Does history respect the significance of what the Allies did near the end of World War 2, with the task set to recover the stolen works of art which was stolen by the Nazis? For those historians who have studied and researched modern history then the answer to the original question will be obvious to them but for mere mortals, there are some interesting facts and some extraordinary outcomes.
Monuments Men – The Movie
In the movie itself the Allied platoon consisted of seven men, made up of various nationalities, from the US, France and Great Britain. They also comprised of art historians, curators, architects and a museum director. The film depicts that most of the men sent on the mission were military reservists. Their mission was only to recover stolen works of art such as Monuments, Fine Arts, Archives, hence receiving their unit name of MFAA.
The True Story
In fact the unit was made up of many more individuals and expanded to a group of around 350 men and women from thirteen countries. Their mission wasn’t only to recover stolen art and safely return it to their rightful owners but also to protect museums and churches whilst working with Allied forces to try and dissuade their bombers from destroying targets which were deemed historic or of cultural value.
Many of the real MFAA unit were reservists who were already trained for military action but a few had no experience whatsoever and underwent basic training. The training for the unit took place in England. The other fact to note is the MFAA never worked in a group but were assigned to other fighting units and in most cases acted as advisors and liaisons to the commanding officers.
The Mona Lisa was moved six times in order to protect it. This work of art was on the top of the Nazi’s shopping list by order of priority and value to them. It took an enormous combined effort by the MFAA and museum officials to prevent this masterpiece from falling into enemy hands.
As in the movie, two MFAA soldiers died in battle. British born Ronald Balfour died from a shell burst whilst trying to move a medieval altarpiece to safety and an American architect called Walter Huchthausen was shot near Aachen in Germany.
How Much Art Was Stolen?
History has documented that most of the stolen works of art were for the Nazi leaders which included Adolf Hitler and Hermann Goring. During Goring’s arrest it was found that he had amassed a collection of stolen artwork that was larger than what is housed in the current European Paintings Collection at the National Gallery of Art in Washington, D.C.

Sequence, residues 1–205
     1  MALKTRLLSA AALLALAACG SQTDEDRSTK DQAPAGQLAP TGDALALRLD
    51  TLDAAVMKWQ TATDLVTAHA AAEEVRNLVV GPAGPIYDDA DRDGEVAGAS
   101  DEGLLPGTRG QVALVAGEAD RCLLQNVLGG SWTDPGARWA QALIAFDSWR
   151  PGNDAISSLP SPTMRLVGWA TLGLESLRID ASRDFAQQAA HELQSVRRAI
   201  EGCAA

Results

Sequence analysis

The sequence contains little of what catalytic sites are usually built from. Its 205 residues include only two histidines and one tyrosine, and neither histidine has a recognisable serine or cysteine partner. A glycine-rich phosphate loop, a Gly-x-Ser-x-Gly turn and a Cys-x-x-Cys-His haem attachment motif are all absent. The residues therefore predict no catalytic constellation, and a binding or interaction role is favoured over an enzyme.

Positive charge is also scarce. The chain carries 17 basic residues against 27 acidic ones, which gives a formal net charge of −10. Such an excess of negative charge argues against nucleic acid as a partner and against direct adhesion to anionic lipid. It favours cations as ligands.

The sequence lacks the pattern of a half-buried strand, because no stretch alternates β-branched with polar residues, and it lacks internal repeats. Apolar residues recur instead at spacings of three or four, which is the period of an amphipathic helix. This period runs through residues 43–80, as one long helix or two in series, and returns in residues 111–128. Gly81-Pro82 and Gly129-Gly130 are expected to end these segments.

The estimated figures of art stolen have been as high as 20 million but these estimates do vary quite considerably. A conservative estimate is placed at between 5 and 6 million. The MFAA managed to recover and return around 5 million pieces to their rightful owners or the countries of origin. The sad fact is, many belonged to the Jews who died during the holocaust.
One disturbing story was, in the event of his death, Hitler had ordered the destruction of nearly 5 million pieces of stolen art but if Germany had won then his plan was to showcase the stolen art in his unbuilt Fuhrermuseum. Luckily even though Germany had lost the war, the order was not carried out by Hitler’s Minister of Armaments, Albert Speer who had become disillusioned like many others in the Nazi party and managed to deter the generals from carrying out the order.
What’s Still Missing?
To this day, not all of the stolen art has been recovered. Many were housed in art repositories which were used to hide and conceal them. In November 2013, over 1,200 works of art were discovered in a Munich apartment of an art dealer who was trading art during the war. One story that has been rumoured is some of this art may have passed through the Monuments Men’s hands and in some cases it was difficult to prove the art was returned to the rightful owners. One of the most famous missing pieces is Vincent Van Gogh.
Partly due to The MFAA, the great works of art are plentiful and on display in some of the world’s greatest art houses and museums. To many, art gives it’s viewers and visitors a sense of awe, intrigue, relaxation, inspiration and perhaps many more adjectives.
Nowadays, people can view fine art online, educate themselves using archives and other online reference websites. Another form of entertaining activity can be interactive websites which involve quizzes and testing your skills and knowledge on a range of topics and alternative subjects.
With the current Covid-19 climate, we are now encouraged to support arts, museums and historic sites across the UK. No better time to go now when the crowds are at their lowest and in some cases, special deals can be acquired too. It’s a great time to jump in your car and take your family or friends on a day out.
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